In cases of common ownership, in which the annexor owns both the land and the attached chattel, the elements of a fixture are annexation to the realty, adaptation to the location, and the intent of the annexor at the time of the annexation. The last element is generally regarded as the most important.


Whether the annexor intended at the time of the annexation to make the article a permanent accession to the land is an objective test, to be determined from the annexor's acts and conduct and the surrounding facts and circumstances.

Id. at 187-88 (citations omitted). See also Frost v. Schinkel, 121 Neb. 784, 238 N.W. 659 (1931).


We do not here hold that the integrated plant doctrine was the law of Puerto Rico under the 1893 Mortgage Law, though it may have been. See Banco Territorial y Agricola v. Graham, No. 138 S.Ct.P.R. (Aug. 1, 1901) (English translation certified Aug. 24, 1987) (vat, molasses pump, and two centrifugal machines deemed mortgaged by operation of Article 111 though not physically attached to the realty). Rather, in light of the Puerto Rico Supreme Court's previous reference to common law on this issue, we consider it at least relevant that in many states the cranes here in issue would be considered mortgaged even if they were not physically attached to the property. See generally In re Porto Rico Iron Works, Inc., 835 F.2d 385 (1st Cir.1987)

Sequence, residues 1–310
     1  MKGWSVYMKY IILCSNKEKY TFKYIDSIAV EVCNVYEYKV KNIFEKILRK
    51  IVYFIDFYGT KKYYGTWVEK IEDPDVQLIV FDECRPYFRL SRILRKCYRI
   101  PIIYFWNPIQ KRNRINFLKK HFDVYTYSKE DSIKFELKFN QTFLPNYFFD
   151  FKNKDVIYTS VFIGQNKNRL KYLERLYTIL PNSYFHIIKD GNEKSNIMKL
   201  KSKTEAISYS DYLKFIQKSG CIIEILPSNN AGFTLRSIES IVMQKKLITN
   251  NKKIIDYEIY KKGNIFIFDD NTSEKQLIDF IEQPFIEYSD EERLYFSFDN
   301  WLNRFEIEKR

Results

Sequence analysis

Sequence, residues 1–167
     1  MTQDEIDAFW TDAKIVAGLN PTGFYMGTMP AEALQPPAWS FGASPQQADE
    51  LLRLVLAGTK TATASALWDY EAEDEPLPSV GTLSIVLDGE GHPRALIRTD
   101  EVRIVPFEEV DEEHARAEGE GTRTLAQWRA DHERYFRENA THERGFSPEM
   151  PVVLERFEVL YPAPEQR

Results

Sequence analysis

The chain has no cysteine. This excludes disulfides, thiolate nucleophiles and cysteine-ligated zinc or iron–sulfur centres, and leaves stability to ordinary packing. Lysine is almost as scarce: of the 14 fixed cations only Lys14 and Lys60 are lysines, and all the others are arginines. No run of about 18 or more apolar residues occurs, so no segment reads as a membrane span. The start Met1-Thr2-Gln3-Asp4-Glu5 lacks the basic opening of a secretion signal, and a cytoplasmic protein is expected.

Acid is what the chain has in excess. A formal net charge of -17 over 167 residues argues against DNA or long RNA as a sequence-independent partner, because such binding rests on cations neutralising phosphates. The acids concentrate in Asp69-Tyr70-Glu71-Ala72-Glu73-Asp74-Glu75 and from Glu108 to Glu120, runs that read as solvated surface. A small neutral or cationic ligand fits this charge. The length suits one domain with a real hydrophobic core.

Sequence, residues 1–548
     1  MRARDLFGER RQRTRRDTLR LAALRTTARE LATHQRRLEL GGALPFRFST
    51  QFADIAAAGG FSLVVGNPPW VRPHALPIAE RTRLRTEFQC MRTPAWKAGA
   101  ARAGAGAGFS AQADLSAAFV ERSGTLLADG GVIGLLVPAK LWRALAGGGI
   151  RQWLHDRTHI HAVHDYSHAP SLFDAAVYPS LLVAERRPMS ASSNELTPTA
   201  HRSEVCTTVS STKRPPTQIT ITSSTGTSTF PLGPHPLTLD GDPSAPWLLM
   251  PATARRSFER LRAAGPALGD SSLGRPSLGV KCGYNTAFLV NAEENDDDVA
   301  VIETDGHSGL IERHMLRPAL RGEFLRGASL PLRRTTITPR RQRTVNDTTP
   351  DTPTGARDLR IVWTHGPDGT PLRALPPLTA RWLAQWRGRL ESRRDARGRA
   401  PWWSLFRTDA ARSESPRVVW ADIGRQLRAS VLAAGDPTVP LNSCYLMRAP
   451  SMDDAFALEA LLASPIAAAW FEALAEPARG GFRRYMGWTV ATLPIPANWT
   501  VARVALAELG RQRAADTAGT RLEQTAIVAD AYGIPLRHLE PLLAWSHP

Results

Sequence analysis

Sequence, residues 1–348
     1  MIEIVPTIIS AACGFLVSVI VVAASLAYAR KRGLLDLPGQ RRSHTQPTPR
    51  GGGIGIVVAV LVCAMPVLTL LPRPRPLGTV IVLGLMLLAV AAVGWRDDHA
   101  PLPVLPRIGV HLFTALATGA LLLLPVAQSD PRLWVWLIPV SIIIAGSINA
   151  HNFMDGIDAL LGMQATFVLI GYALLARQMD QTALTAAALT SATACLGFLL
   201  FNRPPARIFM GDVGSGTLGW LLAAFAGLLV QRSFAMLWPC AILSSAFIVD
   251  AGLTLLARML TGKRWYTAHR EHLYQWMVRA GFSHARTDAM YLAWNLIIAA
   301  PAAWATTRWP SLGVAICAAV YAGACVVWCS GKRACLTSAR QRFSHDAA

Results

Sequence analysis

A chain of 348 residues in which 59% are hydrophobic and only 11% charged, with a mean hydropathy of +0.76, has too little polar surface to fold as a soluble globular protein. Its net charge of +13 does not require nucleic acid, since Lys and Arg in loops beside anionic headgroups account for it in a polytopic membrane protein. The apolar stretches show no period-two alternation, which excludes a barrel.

Neither does it resolve the fixture question discussed in Part III. If removing the cranes would destroy them or the warehouse, then they would be deemed fixtures. But this test does not work in reverse

The mere fact that [items] can be removed without material damage to [them] by chipping away with a chisel, jack hammer, or compressed air hammer, the cement grouting which attaches [them], does not alone establish their character as articles of personalty. A door or window in an ordinary dwelling house can be removed with very little damage to the realty. It also may be replaced by one of different design or by a new one if the former should become broken or defective, but no one would contend that either was not a part of the realty by reason of these facts alone.

San Diego Trust & Sav. Bank, 16 Cal.2d 142, 151, 105 P.2d 94 (1940).